How Does Gatsby Represent The American Dream

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Ashley Kannan | Middle School Teacher | (Level 3) Distinguished Educator

Posted on

I think that in many ways Gatsby's characterization does represent the American Dream.  Initially, Gatsby's notion of self definition and self conception is a major part of the American Dream.  Gatsby redefines himself, changing his name and his occupation as well as his background.  This is concurrent with the notion of freedom in the American Dream, as individuals are able to go as far as their freedom will take them.  Additionally, Gatsby predicates his dream on the premise of wealth acquisition.  Simply put, Gatsby believes in the fulfillment of his dreams as being contingent on acquiring more money.  This is another component of the American Dream, whereas success is defined by monetary growth.  Sadly for him, this turns out to be a monument built upon the firmament of sand which the tide washes away.

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pohnpei397 | College Teacher | (Level 3) Distinguished Educator

Posted on

I'm not completely convinced that he does represent the pure American dream.  I'll talk a bit about how he does and doesn't (to me).

He does represent the dream in that he is born poor and gets to be rich.  He represents the dream because he has this real drive to "make it" that is central to the American dream.

But he is not the classic rags-to-riches story that I associate with the idea of the American dream.  A person who was really living the dream would not have quit the janitorial job at college.  The real American dream doesn't include making money illegally.

So it seems to me that he's sort of a perversion of the dream.  He wants the end result, but he doesn't want to do it the right way, and I think that doing it the right way is central to the dream.

moyossie's profile pic

moyossie | Student, Undergraduate | (Level 1) eNoter

Posted on

Yes, Gatsby exemplifies the American Dream. The American Dream can be looked at in two different ways.

1) The sense of limitless possibility at teh heart of America in that every American can make something of themselves so long they make use of their natural talents  and hard work and the likes. It is the embodiment of human potential and this is seen in Gatsby's "extraordinary gift for hope". Gatsby has hope that he can recapture/relive the past with Daisy Buchanan and he believes in this illusion so much that he has made Daisy the object of his dream. And he lives his life in such a way that Daisy is the basis. There is the green light at the end of Daisy's dock, the lavish parties hoping that Daisy may someday return, etc. Everything he does is for the belief that Daisy may declare true love for him and they may live happily ever after.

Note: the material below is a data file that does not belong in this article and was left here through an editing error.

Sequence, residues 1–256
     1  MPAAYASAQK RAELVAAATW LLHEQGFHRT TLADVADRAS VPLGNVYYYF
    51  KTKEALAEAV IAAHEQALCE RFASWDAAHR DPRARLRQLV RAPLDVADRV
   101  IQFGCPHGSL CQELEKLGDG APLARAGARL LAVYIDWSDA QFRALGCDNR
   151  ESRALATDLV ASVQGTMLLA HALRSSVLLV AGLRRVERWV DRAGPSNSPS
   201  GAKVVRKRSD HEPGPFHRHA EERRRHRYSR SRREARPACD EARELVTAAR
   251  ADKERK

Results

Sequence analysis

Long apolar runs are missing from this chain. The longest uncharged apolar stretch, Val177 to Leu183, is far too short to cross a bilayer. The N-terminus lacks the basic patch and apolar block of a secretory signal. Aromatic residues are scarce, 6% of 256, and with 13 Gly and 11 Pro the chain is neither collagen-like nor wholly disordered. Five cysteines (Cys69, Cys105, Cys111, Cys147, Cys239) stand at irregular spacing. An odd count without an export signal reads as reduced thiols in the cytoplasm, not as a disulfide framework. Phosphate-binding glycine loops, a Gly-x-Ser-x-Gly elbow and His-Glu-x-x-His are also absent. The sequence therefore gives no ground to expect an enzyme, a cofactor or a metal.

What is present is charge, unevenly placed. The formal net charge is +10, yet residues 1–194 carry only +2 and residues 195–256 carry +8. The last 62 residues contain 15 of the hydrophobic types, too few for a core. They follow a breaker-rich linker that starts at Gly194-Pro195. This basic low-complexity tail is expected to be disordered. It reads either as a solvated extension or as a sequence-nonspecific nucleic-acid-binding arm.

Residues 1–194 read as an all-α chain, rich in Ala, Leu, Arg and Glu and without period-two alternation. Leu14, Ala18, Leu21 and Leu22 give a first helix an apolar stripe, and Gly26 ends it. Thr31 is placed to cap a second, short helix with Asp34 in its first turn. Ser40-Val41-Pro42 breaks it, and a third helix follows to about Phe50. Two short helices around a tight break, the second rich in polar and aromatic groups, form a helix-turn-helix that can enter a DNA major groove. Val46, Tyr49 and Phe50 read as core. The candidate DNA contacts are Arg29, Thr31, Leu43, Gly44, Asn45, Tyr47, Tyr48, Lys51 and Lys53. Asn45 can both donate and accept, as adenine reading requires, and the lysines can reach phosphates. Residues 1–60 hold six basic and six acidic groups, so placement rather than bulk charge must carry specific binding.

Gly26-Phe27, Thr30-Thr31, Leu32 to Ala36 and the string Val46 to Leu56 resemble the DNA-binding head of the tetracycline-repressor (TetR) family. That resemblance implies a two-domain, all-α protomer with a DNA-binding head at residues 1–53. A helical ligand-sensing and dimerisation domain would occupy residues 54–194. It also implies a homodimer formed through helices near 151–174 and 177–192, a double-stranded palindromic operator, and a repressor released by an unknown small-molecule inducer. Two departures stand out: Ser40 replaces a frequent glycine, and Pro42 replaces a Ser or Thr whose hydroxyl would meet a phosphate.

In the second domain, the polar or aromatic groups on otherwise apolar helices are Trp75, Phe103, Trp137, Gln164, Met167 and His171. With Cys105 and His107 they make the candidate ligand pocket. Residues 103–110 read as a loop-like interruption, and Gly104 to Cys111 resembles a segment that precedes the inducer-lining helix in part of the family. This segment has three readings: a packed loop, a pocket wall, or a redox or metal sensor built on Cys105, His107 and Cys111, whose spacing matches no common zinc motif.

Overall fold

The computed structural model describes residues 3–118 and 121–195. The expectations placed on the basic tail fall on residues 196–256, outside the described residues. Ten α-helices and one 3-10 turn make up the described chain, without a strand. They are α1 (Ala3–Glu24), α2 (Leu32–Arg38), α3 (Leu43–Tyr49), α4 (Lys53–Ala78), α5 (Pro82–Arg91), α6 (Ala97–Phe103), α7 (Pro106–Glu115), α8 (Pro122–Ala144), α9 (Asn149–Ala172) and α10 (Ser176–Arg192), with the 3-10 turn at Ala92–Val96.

2) The materialistic aspect of the American Dream where everyone's main focus is on getting rich - which ever way. Gatsby had a dream (you can even argue, a hope) to be a better man. To make something of himself. Rise above his father's material status because he was/is a nobody and also he wanted to get rich for this "excitingly desirable" girl, Daisy. He does this through corrupt means and this is the negativity portrayed in the American Dream in that people are so engrossed in getting materialistc wealth that they end up failing in terms of morality.

There is an idea of moral failure and material success (and vice versa) and Gatsby has failed morally but succeeded materially (contrasting with his father who is poor but presumably generally good.)

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